The Gold Medallion Award–winning Expositor’s Bible Commentary is a major contribution to the study and understanding of the Scriptures. Providing pastors and Bible students with a comprehensive and scholarly tool for the exposition of the Scriptures and the teaching and proclamation of their message, this 12-volume reference work has become a staple of seminary and college libraries and pastors’ studies worldwide.
The Expositor’s Bible Commentary uses the New International Version for its English text, but also refers freely to other translations and to the original languages. Each book of the Bible has, in addition to its exposition, an introduction, outline, and bibliography. Notes on textual questions and special problems are correlated with the expository units; transliteration and translation of Semitic and Greek words make the more technical notes accessible to readers unacquainted with the biblical languages. In matters where marked differences of opinion exist, commentators, while stating their own convictions, deal fairly and irenically with opposing views.
“The account opens with a clear, concise statement about the Creator and the Creation. Its simplicity belies the depth of its content. These seven words are the foundation of all that is to follow in the Bible. The purpose of the statement is threefold: to identify the Creator, to explain the origin of the world, and to tie the work of God in the past to the work of God in the future.” (Pages 19–20)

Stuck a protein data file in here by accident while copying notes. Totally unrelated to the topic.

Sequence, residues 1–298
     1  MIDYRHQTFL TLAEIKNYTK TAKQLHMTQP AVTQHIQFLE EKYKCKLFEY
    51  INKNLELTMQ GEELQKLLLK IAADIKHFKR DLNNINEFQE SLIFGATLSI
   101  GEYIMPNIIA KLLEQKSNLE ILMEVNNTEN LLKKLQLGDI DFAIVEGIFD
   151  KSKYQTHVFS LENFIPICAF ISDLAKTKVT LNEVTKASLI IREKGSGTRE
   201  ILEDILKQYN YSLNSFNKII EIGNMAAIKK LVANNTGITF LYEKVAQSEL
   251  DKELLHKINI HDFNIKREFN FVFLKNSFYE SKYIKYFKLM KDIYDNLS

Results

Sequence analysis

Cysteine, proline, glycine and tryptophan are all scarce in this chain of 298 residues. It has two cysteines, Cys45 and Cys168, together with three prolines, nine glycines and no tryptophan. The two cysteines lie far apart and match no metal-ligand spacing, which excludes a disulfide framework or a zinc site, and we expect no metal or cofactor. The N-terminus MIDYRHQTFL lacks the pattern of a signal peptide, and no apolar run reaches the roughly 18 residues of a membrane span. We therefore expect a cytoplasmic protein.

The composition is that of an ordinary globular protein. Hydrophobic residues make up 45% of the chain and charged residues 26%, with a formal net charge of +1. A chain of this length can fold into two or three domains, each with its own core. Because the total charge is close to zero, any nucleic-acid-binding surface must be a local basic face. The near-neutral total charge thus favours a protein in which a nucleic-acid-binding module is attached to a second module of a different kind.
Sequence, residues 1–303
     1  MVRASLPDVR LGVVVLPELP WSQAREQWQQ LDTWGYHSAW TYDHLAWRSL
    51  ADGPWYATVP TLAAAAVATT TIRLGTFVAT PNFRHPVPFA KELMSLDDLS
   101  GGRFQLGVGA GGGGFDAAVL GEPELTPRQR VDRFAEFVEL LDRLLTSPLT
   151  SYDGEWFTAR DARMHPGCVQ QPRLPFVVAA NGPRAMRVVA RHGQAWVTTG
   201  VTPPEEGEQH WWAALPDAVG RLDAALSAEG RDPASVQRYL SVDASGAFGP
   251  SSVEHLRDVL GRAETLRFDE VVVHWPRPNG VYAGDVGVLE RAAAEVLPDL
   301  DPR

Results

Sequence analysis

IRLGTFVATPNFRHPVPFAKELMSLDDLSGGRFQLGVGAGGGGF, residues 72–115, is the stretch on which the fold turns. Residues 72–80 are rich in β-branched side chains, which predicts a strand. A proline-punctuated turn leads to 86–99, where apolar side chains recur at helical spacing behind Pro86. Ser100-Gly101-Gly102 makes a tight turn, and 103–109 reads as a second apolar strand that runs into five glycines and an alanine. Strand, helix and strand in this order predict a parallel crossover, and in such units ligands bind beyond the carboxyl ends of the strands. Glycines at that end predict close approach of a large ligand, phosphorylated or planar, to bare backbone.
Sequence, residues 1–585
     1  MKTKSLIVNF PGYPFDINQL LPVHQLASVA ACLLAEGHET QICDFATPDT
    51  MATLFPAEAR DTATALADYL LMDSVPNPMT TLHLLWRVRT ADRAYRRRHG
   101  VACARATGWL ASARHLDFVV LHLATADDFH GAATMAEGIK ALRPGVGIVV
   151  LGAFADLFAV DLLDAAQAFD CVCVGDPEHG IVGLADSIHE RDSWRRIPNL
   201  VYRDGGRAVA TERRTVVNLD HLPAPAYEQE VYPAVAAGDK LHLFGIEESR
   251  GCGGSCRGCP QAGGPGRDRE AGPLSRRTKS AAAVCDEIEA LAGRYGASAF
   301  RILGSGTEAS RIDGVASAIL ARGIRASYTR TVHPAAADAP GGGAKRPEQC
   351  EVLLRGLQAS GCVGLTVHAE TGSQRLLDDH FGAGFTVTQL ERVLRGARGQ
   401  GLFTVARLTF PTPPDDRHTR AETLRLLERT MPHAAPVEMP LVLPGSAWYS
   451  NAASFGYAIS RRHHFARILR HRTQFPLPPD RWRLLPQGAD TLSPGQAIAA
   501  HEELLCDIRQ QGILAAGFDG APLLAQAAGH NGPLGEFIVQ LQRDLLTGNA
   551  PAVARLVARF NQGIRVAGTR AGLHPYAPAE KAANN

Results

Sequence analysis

“This is not a story of the success of Joseph; rather it is a story of God’s faithfulness to his promises.” (Page 234)
“His theological perspective can be summarized in two points. First, the author intends to draw a line connecting the God of the Fathers and the God of the Sinai covenant with the God who created the world. Second, the author intends to show that the call of the patriarchs and the Sinai covenant have as their ultimate goal the reestablishment of God’s original purpose in Creation. In a word, the biblical covenants are marked off as the way to a new Creation.” (Page 19)
“The inference of God’s commands in vv.16–17 is that God alone knows what is good (ṭôḇ) for man and that God alone knows what is not good (raʿ) for him. To enjoy the ‘good’ man must trust God and obey him. If man disobeys, he will have to decide for himself what is good (ṭôḇ) and what is not good (raʿ). While to modern man such a prospect may seem desirable, to the author of Genesis it is the worst fate that could have befallen him. Only God knows what is good (ṭôḇ) for man. Only God can know what is good.” (Page 45)
“In less than six months they had witnessed ten plagues, the pillar of cloud and fire, the opening and shutting of the Red Sea, the miraculous sweetening of the water, and the sending of food and meat from heaven; yet their real question came down to this: ‘Is the Lord among us [beqirbēnû] or not?’” (Pages 406–407)